This year's monsoon season has been Flagstaff's driest to date, based off National Weather Service rain gauge data at the Flagstaff Airport.
The rain gauge at the airport has measured only 1.06 inches since June 15. The second driest season on record was in 1995 when 1.10 inches of rain fell in the same two-month span.
Throughout the rest of Flagstaff, city rain gauges show different numbers — 0.87 inches near South Lake Mary Road, but 4.49 inches in the Inner Basin. While it's as clear as Flagstaff's blue skies that the region has been seeing hotter temperatures, the weather service meteorologists are saying it is prolonging the fire season.
This new record adds another top mark for 2019 after the city saw massive, record snowfall in winter and now record drying over the summer.
Megan Taylor, a meteorologist with the National Weather Service, said forecasts don't show the dry weather letting up any time soon.
"This year, we really didn’t even see our first measurable rainfall until late July. We just had a little bit in mid-July. Really, it's been very dismal," Taylor said.
Taylor said the difference with this year's monsoon is whenever moisture from the south near Mexico normally moves into our region, a competing weather system from the west pushes it away.
"This year has been very tenuous," Taylor said. "When we do see a bit of moisture, it doesn't stick around."
The temperatures have caused parts of the region, including the lower parts of Yavapai County and the Grand Canyon, to see their temperature gauges hit the 110-degree mark while waiting for relief from the heat. Not counting the nearly-quenched Museum Fire, the region currently has four wildfires burning near Williams, the Grand Canyon and Sedona.
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And yet, fire risk in the forest is down. Coconino National Forest has dropped its fire danger levels two pegs from very high after the Museum Fire to moderate. Additionally, there have been no fire restrictions implemented in the forest this year, only forest closures surrounding the Museum Fire. The last time there were no fire restrictions was in 2015 and 2009.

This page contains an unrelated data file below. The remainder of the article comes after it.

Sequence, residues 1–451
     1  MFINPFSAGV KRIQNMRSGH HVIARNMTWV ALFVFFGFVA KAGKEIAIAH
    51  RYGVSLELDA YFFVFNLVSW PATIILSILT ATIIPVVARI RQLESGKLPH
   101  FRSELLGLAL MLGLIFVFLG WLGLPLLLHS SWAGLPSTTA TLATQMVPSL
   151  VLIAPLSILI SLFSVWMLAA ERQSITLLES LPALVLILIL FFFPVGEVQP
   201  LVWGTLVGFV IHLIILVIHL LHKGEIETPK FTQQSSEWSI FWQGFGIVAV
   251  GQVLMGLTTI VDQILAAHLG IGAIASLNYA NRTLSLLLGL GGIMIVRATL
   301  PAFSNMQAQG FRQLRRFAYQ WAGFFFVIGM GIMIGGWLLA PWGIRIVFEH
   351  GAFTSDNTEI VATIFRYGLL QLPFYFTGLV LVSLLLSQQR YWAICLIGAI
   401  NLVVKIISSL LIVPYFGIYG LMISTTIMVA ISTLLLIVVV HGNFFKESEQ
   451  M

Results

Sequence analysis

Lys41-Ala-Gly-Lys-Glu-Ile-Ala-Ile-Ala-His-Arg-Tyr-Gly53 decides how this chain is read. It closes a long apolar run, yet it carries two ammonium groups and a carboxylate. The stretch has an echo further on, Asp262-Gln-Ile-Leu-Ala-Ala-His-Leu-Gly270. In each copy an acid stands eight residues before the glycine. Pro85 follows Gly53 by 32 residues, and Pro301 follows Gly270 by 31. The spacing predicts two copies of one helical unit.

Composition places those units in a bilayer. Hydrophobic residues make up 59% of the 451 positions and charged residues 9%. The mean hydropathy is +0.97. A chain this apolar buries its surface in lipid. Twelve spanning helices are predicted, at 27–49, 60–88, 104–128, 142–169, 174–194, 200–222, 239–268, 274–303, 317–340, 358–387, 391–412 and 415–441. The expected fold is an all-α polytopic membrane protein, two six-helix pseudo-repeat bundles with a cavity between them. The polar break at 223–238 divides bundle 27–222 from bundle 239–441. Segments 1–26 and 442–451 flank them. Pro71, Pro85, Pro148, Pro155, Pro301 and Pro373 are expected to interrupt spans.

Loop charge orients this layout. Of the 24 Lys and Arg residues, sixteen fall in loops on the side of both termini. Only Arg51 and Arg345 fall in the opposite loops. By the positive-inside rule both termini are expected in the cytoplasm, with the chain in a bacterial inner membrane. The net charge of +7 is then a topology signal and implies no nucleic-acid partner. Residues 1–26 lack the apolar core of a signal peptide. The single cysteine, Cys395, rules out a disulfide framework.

George Jozens, spokesperson for the forest, explained their level of fire risk is based on many things like available staff, weather conditions and the dryness of potential fire fuels.
"The forest fuels are not dry," Jozens said. "They still have a lot of moisture in heavy fuels."
Taylor explained this year's sparse rainfall has likely helped retain that fuel moisture into the fire season, which usually ends in late June or early July. But she also pointed to the wet winter and late snow in spring, which also helped retain moisture for the dry summer.
Flagstaff's largest recorded snowstorm in February, the resident-dubbed "Snowpocalypse," is certainly helping the fire fuels retain moisture -- it dropped a record 35.9 inches of snow in 24 hours, and 40.8 inches throughout the two-day storm.
Taylor said for this water year, which is marked by the monsoon season's end and when fall begins, Flagstaff has amassed 22.11 inches of precipitation, meaning the total water amassed from rain and melted snow. The norm through this period is 17.86 inches, leaving the city still 4 inches above the average for the water year.
However, Taylor said their forecasts don't expect any monsoon thunderheads to make the trip to Flagstaff any time soon. All weather service data forecasts for the next two weeks suggests more dry, hot temperatures.
She said all of this is shaping up to make this year very irregular.
"It has been kind of a tricky, very different year this year," Taylor said.